Does Russia really want Crimea — and does Crimea really want Russia?
By bringing out thousands of men, many with the physiques of wrestlers, the well-organized Tatar community convinced the parliament to cancel a special session that could have discussed a referendum on Crimean independence.
Now representatives of Crimea’s three biggest ethnic groups — Russians, Ukrainians and Tatars — will sit down and negotiate the formation of a new regional government, said Liliya Muslimova, Chubarov’s spokeswoman.
Fisticuffs and bloody noses appeared unavoidable as pro-Kiev protestors pushed through a spindly police line to a considerably smaller pro-Moscow rally.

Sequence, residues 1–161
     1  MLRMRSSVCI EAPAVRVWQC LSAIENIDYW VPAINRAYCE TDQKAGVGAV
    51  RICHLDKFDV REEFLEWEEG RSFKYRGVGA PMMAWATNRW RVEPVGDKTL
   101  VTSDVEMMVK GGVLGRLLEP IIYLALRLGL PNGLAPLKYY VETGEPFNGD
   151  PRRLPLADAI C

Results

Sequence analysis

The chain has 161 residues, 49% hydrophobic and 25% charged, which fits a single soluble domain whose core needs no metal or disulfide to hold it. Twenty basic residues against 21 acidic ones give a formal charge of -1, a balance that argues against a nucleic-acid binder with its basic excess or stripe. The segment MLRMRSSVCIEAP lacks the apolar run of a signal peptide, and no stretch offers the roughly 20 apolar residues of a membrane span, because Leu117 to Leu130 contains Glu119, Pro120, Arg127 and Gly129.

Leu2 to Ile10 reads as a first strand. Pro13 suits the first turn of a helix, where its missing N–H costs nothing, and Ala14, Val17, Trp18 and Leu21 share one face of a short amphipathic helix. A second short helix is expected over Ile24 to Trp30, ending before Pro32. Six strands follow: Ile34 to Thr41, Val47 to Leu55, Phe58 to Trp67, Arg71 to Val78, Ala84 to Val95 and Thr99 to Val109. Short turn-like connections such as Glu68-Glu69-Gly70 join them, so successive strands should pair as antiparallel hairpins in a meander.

Protesters chanting “Russia! Russia!” were surprisingly incoherent about what they really wanted. The most frequent answer to the question of whether Crimea should break off and become a part of Russia was that Ukraine should join the Moscow-led Customs Union and not the European Union. The Customs Union, consisting of Russia, Kazakhstan, and Belarus, is the Kremlin’s latest plan to stand up to the West and create a regional powerhouse of its own.